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From here we were divided up into two groups and my group was taken on a tour through different parts of the Funcom offices lead by Erling Ellingsen. This was an opportunity to see the groundwork of this game; the developers hard at work making this game what it is set out to be on May 20, 2008.
Our first stop was the motion-capture studio where we were introduced to designer, Ketil Støren, otherwise known as "the motion-capture guy", who was dressed in a black lycra suit with photo-sensitive baubles tacked on which made him look more like a Christmas tree than a "dancing machine of death" (my photos didn't do him much justice either, I must admit), but it was very impressive to see him in action and gain an insight into his knowledge of medieval fighting techniques and swordplay. The motion-capture studio is set up in a fashion very similar to this, which gives Ketil plenty of room to swing swords and often play the victim to his own fatality moves. It was at this point some of remembered that it was mentioned that horse and other mount movement was also motion-captured, and suddenly the manifestations of a horse dressed up in a black lycra suit with photo-sensitive baubles tacked on entered our minds. We were told that all the motion-capturing for horses and other mounts took place in a large warehouse in London, but with no lycra suit involved (the RSPCA might have had a few words to say if this had been the case).
Ketil demonstrated a few fatality moves and explained to us briefly the sort of work he puts into capturing these animations, and to give you some sort of idea how hard this guy has been working, he has motion-captured several hundred combat animations and scores of fatality moves. Where fatality moves are concerned, Ketil plays the attacks and the victim, so things need to be quite theatrical as you can imagine. He certainly impressed us with his exceeding level of professionalism and the amount of heart he puts in to every blow and swing of his sword. All of these equates to a realistic and fluid look when players themselves become a dancing machine of death.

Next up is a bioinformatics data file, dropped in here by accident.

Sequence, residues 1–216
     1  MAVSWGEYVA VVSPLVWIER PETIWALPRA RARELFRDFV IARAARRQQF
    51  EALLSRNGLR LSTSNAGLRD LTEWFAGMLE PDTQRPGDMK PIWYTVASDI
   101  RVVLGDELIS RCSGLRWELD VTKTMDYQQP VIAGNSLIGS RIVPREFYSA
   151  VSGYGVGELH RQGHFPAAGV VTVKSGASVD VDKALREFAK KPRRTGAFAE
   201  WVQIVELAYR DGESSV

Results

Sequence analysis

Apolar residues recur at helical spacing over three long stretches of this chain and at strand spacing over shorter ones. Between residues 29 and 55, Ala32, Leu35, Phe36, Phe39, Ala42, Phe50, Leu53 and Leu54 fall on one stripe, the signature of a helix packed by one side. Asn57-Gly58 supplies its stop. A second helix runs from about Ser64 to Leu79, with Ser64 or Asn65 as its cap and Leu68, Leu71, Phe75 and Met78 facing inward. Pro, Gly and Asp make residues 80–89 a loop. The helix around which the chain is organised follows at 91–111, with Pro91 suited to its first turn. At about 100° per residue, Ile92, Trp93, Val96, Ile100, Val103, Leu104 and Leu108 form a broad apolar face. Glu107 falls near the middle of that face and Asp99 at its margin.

It was on to sound and audio engineering next, where we were introduced to Morten Sørlie who took us through what it takes to make sound and music sound extra special in 'Age of Conan'. First, we were shown the audio development tool that was made in-house and how it is used to script different individual sounds together to make a sound effect for a spell. If I remember correctly, the spell sounds effects were for a Demonologist's spell, and step by step we were shown the individual sounds used to make the finished product. It basically begins with a concept, and this is where Morten and his team attempt to envisage how the overall spell should sound. For this spell in particular, it was like putting in a blender the sounds of murmuring and groans played backwards, some claustrophobic screams, the crackling of fire, and a firebolt shooting off in a direction. When you put it all together you've got a very hellish, dark, tormenting, and murky sound that by itself will probably make you ask yourself if you remember to wear your brown underpants.
If it's not the sounds themselves that will make you soil yourself, perhaps you'll hit the "brown note" with Funcom making 'Age of Conan' 5.1 surround sound standard for the game. Morten played for us a musical piece from the game, a Cimmerian theme, first in stereo, and then we were able to hear it in 5.1 surround sound. Morten put particular emphasis on the point that they wanted to make the game sound fantastic even on stereo sound, but to blow the minds of people running things on a 5.1 sound card audio device. It's difficult to make out the difference on the video that I will be posting in a couple of days, but let me tell you first-hand there was a significant difference in the quality, but that, of course, is not taking anything away from the way the music sounded in stereo; absolutely stunning. The game will of course support 7.1 sound cards and audio devices.